Speaking of me...
NB: This post has been republished from my defunkt newsletter. Enjoy 🙏
I’ve noticed that lots of people find it hard to talk about themselves. To talk about where their interests lie, what they want from the world, what they’re good at, and even what they’re bad at.
When forced upon them, this difficulty becomes even more obvious. Like in a job application. People start using buzz words and rely on what they’re expected to say. What’s clear is that they’ve given no prior time to the matter.
Of course, it’s laborious to force yourself into it. When you don’t know where to start, and getting it wrong seems so bad. No one wants to commit to the wrong image of themselves.
There’s incredible value in spending time trying to understand what makes you tick. It gives you a freedom that you might not otherwise have. To know if you’re doing the right things, or even applying for the right roles.
Like all lasting endevours, iteration is the key to success. You can apply build-measure-learn the description of yourself. Doing so is an absolute necessity.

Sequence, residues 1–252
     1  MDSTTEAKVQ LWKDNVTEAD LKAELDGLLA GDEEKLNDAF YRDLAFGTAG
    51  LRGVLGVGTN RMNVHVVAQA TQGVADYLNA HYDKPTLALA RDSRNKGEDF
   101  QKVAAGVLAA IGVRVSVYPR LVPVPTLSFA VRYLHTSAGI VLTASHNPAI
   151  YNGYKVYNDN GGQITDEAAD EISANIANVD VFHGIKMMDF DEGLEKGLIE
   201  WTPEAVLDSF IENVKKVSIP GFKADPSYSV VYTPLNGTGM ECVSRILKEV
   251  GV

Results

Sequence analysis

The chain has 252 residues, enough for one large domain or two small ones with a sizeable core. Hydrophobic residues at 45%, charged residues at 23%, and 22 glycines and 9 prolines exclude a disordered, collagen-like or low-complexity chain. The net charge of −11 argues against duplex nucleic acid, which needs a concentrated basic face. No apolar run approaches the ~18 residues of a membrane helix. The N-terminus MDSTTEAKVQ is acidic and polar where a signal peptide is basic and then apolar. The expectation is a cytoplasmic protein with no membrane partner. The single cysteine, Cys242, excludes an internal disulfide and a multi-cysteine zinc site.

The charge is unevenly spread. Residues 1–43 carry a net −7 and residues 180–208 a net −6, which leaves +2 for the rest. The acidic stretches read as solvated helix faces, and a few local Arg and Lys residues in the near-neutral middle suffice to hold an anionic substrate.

Let’s take a look at the introduction I use for a moment:
“I’m Richard, a product focused Frontend Engineer and Designer”.
At the beginning my interest was in graphic design. I enjoyed designing brands, packaging and websites. That changed when I learned to program. I started to appreciate function as much as form. I became more concerned with the user experience. As I’ve grown, I’ve learned that it’s important to understand the impact of my work more. To be sure that my work has a positive impact on people’s lives.
To map it out, it could look something like this:
- Beginning: Graphic Designer, with an interest in branding and marketing.
- Mid-point: Junior Frontend Engineer with an interest in user experience.
- Today: Frontend Engineer with a strong product focus.
What’s important, is I’ve always known what I have enjoyed doing. More so, it’s that I’m constantly editing the description based on my experience. I touched on this in issue three; how I don’t see myself as a software engineer in the future. You can guarantee it’ll change again.
If there’s anything you can take from this, it’s that spending time to figure who you are and what you want is beneficial, even if it turns out that what you thought is wrong. It’s one big learning process, and if you don’t try to understand, you never will. A friend of mine once gave me this advice, and I haven’t looked back yet.
Next time you’re challenged to talk about yourself, give it some thought and run with whatever you come up with until you know it’s wrong.
Thanks for taking time out of your day,